- Schedule patients with known exposure or compatible symptoms for the end of the day or in a dedicated room.
- Schedule patients with increased susceptibility to infections or complications from COVID-19 when the fewest patients and staff will be present, and not during times reserved for patients with known exposure or compatible symptoms.
- Provide follow-up care using telemedicine, to the greatest extent possible, consistent with the standard of care.
Facilitate Social Distancing Within the Office
- Install physical barriers and minimize patient contact with staff in the reception area during triage, check-in and check-out, or arrange the in-take and waiting areas to maintain six feet or more distance between individuals wherever possible.
- Isolate patients with symptoms of respiratory illness to a separate location or single-patient room immediately upon entry into the office and close the door.
- Restrict companions unless medically necessary to assist with mobility or communication, or if the patient is a minor. All companions are required to undergo the same screening as the patient and to wear, at a minimum, a cloth face covering, except where doing so would inhibit the individual’s health.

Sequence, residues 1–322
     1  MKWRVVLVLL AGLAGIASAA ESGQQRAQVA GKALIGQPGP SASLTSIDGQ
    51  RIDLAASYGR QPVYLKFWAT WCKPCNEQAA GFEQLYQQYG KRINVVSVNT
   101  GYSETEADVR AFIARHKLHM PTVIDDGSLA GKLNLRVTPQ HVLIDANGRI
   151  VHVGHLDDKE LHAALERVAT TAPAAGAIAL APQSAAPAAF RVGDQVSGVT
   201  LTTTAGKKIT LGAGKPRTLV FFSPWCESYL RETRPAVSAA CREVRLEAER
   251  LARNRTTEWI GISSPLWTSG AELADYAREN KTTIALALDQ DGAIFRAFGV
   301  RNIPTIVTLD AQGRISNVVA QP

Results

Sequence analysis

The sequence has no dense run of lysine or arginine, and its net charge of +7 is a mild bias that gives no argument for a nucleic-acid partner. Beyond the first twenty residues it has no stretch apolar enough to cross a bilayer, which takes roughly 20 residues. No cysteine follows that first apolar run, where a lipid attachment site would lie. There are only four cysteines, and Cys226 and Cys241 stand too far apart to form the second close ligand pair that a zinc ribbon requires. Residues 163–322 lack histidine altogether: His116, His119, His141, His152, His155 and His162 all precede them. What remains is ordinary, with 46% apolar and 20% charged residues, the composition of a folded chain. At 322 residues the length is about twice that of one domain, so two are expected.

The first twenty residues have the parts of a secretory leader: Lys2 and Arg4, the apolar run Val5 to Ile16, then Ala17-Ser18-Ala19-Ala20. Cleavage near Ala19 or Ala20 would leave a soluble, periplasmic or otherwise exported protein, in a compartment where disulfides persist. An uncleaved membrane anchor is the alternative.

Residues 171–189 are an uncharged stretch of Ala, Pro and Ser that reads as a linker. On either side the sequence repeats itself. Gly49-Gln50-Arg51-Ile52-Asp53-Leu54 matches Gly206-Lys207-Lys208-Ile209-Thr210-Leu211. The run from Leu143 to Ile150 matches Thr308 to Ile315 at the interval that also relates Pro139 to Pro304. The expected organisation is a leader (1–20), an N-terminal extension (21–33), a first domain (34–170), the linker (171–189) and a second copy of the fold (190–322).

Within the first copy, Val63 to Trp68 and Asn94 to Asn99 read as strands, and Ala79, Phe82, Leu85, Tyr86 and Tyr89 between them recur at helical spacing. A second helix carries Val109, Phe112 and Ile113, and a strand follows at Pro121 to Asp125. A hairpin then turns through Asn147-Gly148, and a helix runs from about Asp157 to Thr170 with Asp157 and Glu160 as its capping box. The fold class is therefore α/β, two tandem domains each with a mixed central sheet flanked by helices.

- Minimize the number of individuals in examination and other rooms.
- Arrange for contactless patient registration and payment options. Disinfect pens and credit cards after each use in accordance with CDC guidelines, if pens and credit cards are utilized.
- Rearrange workspaces, to the extent feasible, to ensure that individuals maintain six feet or more distance between them wherever possible.
- Provide administrative staff their own workspace, if feasible, and provide sufficient supplies and equipment (phones, computers, pens, paper, medical equipment) to avoid sharing. If items are shared, they must be frequently disinfected.
Adopt Enhanced Office Cleaning and Disinfection
- Allocate sufficient time between appointments to ensure that there will be ample time for appropriate disinfection between patients.
- Follow CDC guidelines and clean and disinfect high-touch areas routinely, and after each use in accordance with CDC guidelines, particularly in areas that are accessible to staff or other individuals, including restroom facilities, toilet and sink knobs, countertops, door knobs, water fountains, and shared medical equipment, consistent with CDC guidance at
- Dispose of any medical waste produced, consistent with routine procedures.
- Remove from any waiting area materials
(books, magazines, toys) that are intended to be reused and are difficult to disinfect.
- Maintain staffing levels sufficient to perform the above protocols effectively and in a manner that ensures the safety of patients and staff.
- Allow all staff to have break time for repeated hand washing between patients, throughout the day and after removing PPE.